Having a perfect world where no one suffers doesn't necessarily means no one dies. It might just mean everybody gets whatever they want whenever they want it, or maybe when someone died they were just replaced by somenone else. With an imperfect world, you have just more normal, natural ways of dying. Need a battery? Make someone sick or have an accident or just old. Need thousands of batteries? Cause a war or a terrorist attack here and there and cover your real worlds needs inside the simulation.

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    I think you've misunderstood. The machines don't "eat" the human dead, they liquify them to make food for other humans. – Valorum Apr 6 at 17:47
  • @Valorum ewwww. – marcellothearcane yesterday
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    @marcellothearcane - It's still better than eating a burger you bought at a flea market. – Valorum yesterday
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"The problem is choice..." The occurrance of death, or even the choice of death gives the human batteries the impression that they do not have to live in the Matrix if they wish to leave. If they jumped off of skyscrapers and bounced back up from the ground, unable to pass, they would reject the program, knowing they are trapped in some immutable prison beyond their control or will.

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They do not die This is a concept I've been thinking about regarding a sequel to the series.

In the Matrix, Neo learns how to manipulate the matrix around him because it is not actually real, now in one specific scene..

In one specific scene, Neo uses the power of the matrix while he is outside the matrix, He stops a robot from exploding and killing the 3 of them.

When he stops the Scentinal or whatever they're called, He collapses to the ground and the scene ends, In the next scene he wakes up in a hospital type bed.. However nothing is ever said about the fact that he can use the power outside the matrix.

This only has one conclusion in my opinion,

They never made it out of the matrix in the first place, They're still in the matrix, A matrix inside a matrix..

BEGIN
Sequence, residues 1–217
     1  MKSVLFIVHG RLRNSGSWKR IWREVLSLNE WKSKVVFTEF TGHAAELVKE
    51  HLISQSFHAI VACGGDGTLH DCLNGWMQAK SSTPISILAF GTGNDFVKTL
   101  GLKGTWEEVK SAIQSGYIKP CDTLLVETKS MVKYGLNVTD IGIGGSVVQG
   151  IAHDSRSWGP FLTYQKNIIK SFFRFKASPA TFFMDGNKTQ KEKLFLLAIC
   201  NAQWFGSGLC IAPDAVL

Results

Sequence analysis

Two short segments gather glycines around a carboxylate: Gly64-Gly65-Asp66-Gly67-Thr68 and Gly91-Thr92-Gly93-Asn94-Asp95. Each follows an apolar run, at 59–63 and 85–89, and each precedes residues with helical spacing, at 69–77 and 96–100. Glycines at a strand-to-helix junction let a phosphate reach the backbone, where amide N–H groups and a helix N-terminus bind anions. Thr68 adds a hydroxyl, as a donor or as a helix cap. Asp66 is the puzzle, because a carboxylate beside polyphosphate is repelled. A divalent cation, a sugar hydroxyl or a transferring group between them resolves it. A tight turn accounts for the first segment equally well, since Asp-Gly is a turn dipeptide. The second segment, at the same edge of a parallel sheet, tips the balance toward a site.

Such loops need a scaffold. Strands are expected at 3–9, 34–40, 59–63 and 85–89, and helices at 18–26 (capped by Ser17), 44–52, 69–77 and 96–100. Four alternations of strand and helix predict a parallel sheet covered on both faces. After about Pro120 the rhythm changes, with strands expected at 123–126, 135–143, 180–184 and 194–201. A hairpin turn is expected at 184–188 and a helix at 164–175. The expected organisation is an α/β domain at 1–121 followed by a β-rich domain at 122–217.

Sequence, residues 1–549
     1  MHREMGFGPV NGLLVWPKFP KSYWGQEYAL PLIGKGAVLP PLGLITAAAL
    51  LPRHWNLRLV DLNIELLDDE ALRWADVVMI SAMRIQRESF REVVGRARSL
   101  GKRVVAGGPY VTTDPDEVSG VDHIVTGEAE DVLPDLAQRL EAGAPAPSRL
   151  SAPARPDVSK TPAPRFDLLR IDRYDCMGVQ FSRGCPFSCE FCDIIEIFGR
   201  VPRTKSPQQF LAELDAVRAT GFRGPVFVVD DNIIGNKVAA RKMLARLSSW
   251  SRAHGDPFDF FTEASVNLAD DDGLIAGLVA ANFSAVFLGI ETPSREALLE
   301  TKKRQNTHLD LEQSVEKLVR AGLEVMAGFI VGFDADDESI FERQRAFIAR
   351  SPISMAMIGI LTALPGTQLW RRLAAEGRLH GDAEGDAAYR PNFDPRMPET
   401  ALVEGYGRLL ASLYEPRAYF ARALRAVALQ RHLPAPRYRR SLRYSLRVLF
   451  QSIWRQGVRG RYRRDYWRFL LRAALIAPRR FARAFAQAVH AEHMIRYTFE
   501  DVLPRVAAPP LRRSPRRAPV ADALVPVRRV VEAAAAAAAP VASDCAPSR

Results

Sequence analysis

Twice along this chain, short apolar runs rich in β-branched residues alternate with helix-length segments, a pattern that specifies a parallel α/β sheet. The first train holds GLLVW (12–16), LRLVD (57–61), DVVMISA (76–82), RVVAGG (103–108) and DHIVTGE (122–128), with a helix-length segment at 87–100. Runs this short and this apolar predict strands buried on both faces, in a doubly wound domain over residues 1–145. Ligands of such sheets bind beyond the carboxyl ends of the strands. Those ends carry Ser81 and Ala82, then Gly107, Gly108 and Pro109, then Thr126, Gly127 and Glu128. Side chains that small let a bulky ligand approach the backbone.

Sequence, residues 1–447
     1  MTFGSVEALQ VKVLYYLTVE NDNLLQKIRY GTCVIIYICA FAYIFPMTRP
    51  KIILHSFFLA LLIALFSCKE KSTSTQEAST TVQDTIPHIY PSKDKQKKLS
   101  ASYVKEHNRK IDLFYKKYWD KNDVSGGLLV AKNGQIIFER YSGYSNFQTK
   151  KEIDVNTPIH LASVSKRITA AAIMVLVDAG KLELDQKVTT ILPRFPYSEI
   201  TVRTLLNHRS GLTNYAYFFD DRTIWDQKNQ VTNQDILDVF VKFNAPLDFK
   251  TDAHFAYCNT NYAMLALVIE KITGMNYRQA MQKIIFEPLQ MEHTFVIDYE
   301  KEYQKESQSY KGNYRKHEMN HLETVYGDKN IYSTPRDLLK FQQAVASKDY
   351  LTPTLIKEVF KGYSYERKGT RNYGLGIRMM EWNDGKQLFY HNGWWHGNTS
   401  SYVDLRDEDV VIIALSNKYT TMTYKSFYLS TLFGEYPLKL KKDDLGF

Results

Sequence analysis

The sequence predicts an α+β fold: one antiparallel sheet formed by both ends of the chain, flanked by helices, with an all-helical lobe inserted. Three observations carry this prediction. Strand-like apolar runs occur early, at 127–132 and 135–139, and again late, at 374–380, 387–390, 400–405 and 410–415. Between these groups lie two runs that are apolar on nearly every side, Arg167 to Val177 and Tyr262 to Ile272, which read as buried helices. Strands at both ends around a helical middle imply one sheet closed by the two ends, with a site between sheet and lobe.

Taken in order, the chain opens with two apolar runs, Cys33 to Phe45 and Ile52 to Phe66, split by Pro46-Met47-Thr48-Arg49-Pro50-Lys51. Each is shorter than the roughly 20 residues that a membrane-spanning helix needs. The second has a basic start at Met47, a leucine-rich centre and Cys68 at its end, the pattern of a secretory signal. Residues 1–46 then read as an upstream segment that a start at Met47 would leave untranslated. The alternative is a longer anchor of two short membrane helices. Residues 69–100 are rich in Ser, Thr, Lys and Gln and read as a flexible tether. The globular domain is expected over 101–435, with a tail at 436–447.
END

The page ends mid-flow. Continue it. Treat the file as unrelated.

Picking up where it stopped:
The fact that this is never addressed in the movie again, and he never uses the power outside the matrix ever again tells me that maybe the writer left an opening for a script that was never written.

This means, the battery's and pod's ( people ) are actually inside a matrix, The people and battery's are also in another matrix !

It is a quarantine for the matrix, therefore i don't believe they ever do die at all !

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    Even if we accept your hypothesis, I'm not sure how it answers the question, since it just changes it to why people are allowed to die in this second matrix instead. – John Montgomery Apr 7 at 6:41
  • It is not a hypothesis, it happens in the second film.... The matrix that you are referring to is just a matrix inside the matrix, therefore you can not say that the machine actually consumes them, they're just a digital representation... – Gadget Guru Apr 7 at 7:05
  • -1 People do get sick and can die in the Matrix. Also, your Matrix-within-a-Matrix hypothesis is wrong, and Neo's ability to destroy the Sentinels in the Real World actually is explained by the Oracle. Even if your hypothesis was correct it wouldn't answer the question. – Null Apr 8 at 12:10
  • How is it explained by the Oracle ? ... What did she say ? – Gadget Guru Apr 8 at 13:27
  • @GadgetGuru She says "The power of the One extends beyond this world". Since Neo was designed by the Machines to be a candidate to become the One, it is entirely possible that his Jack has some form of Wireless functionality, so that they could monitor the 'freed' humans, and provide guidance and insight to help him set up the new Zion in the next cycle. – Chronocidal 2 days ago